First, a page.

Hoping memories of Iraq have faded, U.S. hawks push new war with Iran
At the direction of its leader, John R. Bolton, the National Security Council asked the Pentagon last year to provide military options to strike Iran. | Andrew Harnik / AP

You could set a watch to it, or maybe a countdown timer.

After being frustrated by Venezuela’s resistance against a Washington-backed coup attempt, President Donald Trump and his favored attack dog, National Security Advisor John Bolton, have trained their sights on a new target: Iran.

Earlier this month, an aircraft carrier strike group and bomber task force were sent to the Middle East on the flimsiest of rationales: unconfirmed rumors of “attack plans” from Iran on U.S. troops. This considerable show of military might was later bolstered by Marines and missiles, adding to an already fraught situation in the region. Compounding the problem were even more recent claims of an Iranian attack on two Saudi oil tankers. But reports from the ground contradict Saudi Arabia’s account, as photographs showed those vessels had no visible signs of damage.

Comparisons have been made to the fabricated “Gulf of Tonkin incident” that served as justification for U.S. attacks on Vietnam in 1964, and they’re right on the money. But public mood in the U.S. is soured on another bloody incursion into the Middle East after the wholesale slaughters in Afghanistan, Iraq, and Libya. Trump and Bolton are having a hard time selling their war, no matter how hard they beat the drums.

That doesn’t mean they’ll stop trying, of course. And we can’t forget this aggression has long been in the works, no matter how abruptly it appears they’ve pivoted from Venezuela to Iran. After illegally abandoning the Joint Comprehensive Plan of Action (aka the Iran nuclear deal) last year, the U.S. imposed unilateral sanctions on the country, claiming it hadn’t held up its end of the bargain.

Every other signatory of the agreement (Great Britain, France, Russia, China, and Germany) disagreed, as did the International Atomic Energy Agency, the organization tasked with checking Iran’s compliance. They have done their level best to salvage the deal, but have been hampered by the sanctions and the later expiration of oil import waivers that allowed limited commodity trade.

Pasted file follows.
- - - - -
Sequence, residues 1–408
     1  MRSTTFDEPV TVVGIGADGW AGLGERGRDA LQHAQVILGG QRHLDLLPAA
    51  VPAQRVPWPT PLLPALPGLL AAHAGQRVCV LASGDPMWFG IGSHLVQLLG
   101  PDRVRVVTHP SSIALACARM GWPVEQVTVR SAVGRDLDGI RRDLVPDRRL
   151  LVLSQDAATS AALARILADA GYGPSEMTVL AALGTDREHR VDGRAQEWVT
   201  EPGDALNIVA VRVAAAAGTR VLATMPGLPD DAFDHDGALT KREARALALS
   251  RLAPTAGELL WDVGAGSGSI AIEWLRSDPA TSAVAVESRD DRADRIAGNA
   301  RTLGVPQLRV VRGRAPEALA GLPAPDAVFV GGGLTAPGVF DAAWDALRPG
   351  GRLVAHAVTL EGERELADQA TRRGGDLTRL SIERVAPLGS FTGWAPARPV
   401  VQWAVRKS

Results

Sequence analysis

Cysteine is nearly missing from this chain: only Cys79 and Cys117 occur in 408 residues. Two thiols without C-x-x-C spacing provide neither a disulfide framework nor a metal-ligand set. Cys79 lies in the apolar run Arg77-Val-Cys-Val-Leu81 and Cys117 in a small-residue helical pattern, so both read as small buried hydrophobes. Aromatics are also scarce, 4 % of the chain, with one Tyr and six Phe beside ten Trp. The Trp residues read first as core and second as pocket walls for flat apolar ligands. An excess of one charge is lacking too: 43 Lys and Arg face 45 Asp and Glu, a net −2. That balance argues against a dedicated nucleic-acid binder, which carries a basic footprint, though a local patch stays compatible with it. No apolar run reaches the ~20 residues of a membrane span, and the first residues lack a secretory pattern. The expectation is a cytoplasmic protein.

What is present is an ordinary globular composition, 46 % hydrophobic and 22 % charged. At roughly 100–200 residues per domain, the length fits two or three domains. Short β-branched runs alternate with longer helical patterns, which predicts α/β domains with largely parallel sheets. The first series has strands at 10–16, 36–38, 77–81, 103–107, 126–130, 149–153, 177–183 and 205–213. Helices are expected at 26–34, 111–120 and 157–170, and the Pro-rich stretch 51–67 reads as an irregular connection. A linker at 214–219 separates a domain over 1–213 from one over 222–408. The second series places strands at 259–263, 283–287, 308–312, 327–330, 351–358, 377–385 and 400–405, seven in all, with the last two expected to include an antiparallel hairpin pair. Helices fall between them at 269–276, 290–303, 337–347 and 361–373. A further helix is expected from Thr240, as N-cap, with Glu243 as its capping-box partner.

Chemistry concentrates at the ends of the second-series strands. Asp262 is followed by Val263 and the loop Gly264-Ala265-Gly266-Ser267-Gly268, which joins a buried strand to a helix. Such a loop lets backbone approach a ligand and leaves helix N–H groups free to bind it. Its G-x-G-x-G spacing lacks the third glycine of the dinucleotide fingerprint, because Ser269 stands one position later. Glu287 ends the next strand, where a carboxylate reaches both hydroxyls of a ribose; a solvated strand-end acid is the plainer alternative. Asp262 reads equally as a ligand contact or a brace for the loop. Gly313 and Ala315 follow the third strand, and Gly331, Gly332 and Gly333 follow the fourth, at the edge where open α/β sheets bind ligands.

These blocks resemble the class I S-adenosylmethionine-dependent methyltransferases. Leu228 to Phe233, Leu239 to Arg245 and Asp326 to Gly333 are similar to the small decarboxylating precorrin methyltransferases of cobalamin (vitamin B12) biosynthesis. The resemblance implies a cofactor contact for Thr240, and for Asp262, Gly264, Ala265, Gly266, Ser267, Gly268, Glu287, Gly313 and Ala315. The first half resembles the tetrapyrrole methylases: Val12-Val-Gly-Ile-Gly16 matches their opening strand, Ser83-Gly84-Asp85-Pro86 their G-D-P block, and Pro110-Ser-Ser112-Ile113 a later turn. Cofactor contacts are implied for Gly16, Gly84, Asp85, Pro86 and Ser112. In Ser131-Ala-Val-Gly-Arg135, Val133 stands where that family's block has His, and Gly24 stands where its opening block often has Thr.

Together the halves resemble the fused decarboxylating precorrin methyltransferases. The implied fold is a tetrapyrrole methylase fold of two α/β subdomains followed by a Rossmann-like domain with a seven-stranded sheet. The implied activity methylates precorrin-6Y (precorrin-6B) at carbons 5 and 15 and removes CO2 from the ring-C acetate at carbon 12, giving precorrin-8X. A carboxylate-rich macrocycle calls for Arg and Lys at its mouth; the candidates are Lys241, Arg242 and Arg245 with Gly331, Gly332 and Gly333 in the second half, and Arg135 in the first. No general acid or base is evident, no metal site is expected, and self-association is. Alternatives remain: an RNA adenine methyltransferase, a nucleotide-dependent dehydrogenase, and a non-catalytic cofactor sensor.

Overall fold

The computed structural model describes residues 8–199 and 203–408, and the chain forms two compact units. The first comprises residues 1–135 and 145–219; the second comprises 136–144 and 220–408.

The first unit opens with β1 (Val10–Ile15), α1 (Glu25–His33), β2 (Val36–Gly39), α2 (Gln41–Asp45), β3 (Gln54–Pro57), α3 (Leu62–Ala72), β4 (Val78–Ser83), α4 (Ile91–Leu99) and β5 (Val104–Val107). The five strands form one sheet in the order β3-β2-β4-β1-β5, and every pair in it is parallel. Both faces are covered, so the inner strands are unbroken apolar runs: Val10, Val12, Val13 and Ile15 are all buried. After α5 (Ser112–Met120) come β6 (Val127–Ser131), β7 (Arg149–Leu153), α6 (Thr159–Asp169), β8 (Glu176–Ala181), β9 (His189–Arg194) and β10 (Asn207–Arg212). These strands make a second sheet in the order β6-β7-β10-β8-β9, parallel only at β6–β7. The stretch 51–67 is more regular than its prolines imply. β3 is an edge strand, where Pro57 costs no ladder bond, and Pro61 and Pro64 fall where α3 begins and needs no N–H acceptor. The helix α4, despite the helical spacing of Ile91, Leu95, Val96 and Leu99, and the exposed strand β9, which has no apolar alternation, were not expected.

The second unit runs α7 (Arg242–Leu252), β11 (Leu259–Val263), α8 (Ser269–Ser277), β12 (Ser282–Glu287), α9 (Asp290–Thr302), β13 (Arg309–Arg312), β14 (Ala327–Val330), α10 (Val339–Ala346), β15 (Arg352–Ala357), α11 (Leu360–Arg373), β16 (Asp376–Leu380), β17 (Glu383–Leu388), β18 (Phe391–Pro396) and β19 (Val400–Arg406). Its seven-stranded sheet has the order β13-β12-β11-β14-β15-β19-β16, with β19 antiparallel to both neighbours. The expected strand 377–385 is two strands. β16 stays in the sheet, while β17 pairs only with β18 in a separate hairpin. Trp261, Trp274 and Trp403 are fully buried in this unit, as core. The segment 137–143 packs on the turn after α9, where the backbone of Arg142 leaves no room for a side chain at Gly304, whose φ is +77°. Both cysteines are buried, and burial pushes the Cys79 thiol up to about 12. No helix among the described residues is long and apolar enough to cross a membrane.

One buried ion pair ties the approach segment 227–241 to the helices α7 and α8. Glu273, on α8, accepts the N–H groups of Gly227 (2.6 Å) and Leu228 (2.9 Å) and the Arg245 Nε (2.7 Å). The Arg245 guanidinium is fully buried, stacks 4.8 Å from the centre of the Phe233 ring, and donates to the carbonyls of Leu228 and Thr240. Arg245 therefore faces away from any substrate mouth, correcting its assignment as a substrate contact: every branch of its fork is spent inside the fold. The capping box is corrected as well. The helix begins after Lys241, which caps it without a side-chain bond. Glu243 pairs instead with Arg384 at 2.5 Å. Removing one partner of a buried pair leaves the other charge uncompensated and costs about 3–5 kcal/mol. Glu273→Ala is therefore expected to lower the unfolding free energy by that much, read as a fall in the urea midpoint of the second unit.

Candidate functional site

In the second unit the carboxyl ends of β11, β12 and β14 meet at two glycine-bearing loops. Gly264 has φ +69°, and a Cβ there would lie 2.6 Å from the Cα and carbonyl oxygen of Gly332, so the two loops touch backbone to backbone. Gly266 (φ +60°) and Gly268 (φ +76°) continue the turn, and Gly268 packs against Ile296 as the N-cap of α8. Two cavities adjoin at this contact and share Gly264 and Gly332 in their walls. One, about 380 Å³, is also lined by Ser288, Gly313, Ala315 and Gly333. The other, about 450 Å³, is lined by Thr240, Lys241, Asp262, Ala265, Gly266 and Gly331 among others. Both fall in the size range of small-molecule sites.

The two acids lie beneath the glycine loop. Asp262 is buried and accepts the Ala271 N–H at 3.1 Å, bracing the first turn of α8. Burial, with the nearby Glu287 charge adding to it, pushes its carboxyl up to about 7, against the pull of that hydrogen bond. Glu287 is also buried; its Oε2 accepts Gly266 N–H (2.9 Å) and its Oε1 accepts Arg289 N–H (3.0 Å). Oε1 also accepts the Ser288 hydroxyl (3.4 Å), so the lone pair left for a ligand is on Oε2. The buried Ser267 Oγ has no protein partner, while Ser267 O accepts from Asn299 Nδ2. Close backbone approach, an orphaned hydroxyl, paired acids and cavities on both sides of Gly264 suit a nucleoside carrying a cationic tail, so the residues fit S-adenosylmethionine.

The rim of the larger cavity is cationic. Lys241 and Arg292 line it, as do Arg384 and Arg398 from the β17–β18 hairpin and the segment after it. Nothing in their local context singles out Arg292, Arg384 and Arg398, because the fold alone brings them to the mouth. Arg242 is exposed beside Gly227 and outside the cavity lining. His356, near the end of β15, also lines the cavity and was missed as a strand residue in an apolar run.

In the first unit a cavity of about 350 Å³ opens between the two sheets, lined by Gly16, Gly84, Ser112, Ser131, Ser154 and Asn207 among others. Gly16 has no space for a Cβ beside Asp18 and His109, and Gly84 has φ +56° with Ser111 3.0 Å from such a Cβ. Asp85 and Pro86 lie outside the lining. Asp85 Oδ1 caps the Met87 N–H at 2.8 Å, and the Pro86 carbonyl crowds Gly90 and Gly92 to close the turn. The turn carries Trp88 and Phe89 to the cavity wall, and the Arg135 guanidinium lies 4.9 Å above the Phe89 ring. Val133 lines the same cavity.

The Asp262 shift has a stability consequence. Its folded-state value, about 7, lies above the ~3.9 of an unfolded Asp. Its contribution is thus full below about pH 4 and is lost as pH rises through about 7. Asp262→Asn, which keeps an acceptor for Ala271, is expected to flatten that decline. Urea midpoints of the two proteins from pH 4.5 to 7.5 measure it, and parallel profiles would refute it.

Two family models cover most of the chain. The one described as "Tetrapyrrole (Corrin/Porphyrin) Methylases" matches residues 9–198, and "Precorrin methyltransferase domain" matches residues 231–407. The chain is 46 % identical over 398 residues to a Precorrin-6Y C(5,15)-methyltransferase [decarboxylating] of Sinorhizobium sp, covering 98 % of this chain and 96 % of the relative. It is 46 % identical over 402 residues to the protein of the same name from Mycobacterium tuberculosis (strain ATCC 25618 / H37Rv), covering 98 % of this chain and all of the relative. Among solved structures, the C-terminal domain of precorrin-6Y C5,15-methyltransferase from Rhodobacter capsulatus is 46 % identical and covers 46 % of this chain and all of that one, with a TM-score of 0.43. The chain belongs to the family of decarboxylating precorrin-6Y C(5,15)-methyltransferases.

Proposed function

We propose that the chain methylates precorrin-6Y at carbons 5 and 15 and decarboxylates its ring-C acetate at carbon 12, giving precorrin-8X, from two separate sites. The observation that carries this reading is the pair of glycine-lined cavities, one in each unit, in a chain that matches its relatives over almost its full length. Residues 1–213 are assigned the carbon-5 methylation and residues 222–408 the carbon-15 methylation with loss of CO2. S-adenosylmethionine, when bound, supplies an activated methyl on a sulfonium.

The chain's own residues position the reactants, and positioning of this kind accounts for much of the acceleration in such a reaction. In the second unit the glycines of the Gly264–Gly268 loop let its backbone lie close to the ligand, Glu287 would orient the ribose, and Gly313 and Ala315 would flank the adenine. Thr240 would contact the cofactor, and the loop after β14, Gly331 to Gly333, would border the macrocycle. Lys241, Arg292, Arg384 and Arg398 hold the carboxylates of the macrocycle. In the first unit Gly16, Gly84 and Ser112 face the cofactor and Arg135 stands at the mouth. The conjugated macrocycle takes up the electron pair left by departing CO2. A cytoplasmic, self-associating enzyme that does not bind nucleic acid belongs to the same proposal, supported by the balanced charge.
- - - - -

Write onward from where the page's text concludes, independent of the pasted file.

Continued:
Make no mistake—for all the talk of sanctions as a “softer” substitute for bullets and bombs, these measures are acts of violence in all but name.

Trump’s stated goal is to bring Iranian exports down to zero; there is no better term for this than “war,” except perhaps “extortion.” Essential supply lines are being cut off as other countries avoid trade for fear of being penalized, and the people suffer tremendous hardship as a result. China is acutely aware of these long-reaching reverberations, as the case against Huawei executive Meng Wanzhou is based around dubious allegations of sanctions breaches.

And as if this economic war weren’t enough, last October Secretary of State Mike Pompeo declared the Treaty of Amity with the Islamic Republic—a document in force for more than 60 years—null and void. The U.S. has also demanded European signatories follow its lead and withdraw from the nuclear deal, in essence telling them to violate international law or else. Adding insult to injury, Iran’s Revolutionary Guard was fraudulently labeled a terrorist organization in April, the first time a governmental body has received such a designation.

With all this in mind, it shouldn’t have surprised anyone when Iran finally responded. Shortly after the U.S.’ deployment of its carrier strike group, the government declared it would stop holding to some aspects of the nuclear deal; specifically, it would stockpile enriched uranium and heavy water produced in its facilities rather than export them as the agreement stipulates. What is often lost in the reporting on this announcement is the fact these and other exports are restricted under the U.S.-imposed sanctions regime anyway. Lifting the sanctions would allow Iran to keep to its commitments, exactly as it did before the U.S. began its ridiculous provocations.

The international community has responded to these goings-on with a mix of disdain and disbelief. Europe has been working on a way around the U.S. sanctions, developing a mechanism to continue trade without direct contact. China has strongly affirmed its commitment to the nuclear deal, as well as its desire to ease tensions and maintain good relations with Iran. Russia has echoed these sentiments. Trump and Bolton are acting alone, and the rest of the world knows it. Whatever the U.S. president might threaten on his Twitter account, other parties prioritize peace above all else—Iran included.

U.S. defense contractors and the hawks at the Pentagon, meanwhile, are licking their chops. This is the war they’ve been dreaming of since the 2003 invasion of Iraq, considered by many within the George W. Bush administration to be mere prelude to an attack on the Islamic Republic. Mass deaths and widespread domestic disapproval after that catastrophe meant those plans had to be put on hold—though troops remain there and in Afghanistan—but with the old gang back in power under Trump, all bets are off. These jackals want bloodshed, and are ready to manufacture any pretext necessary to get it.

Obviously such developments are unsettling for Iranians, but they raise a question for the rest of the world, too: If the U.S. has proved itself an unreliable partner in peace, if its policy can change at a moment’s notice despite previous guarantees, why is it worth trusting in the first place?


Ian Goodrum
Ian Goodrum

Ian Goodrum is a writer and digital editor for China Daily in Beijing, China.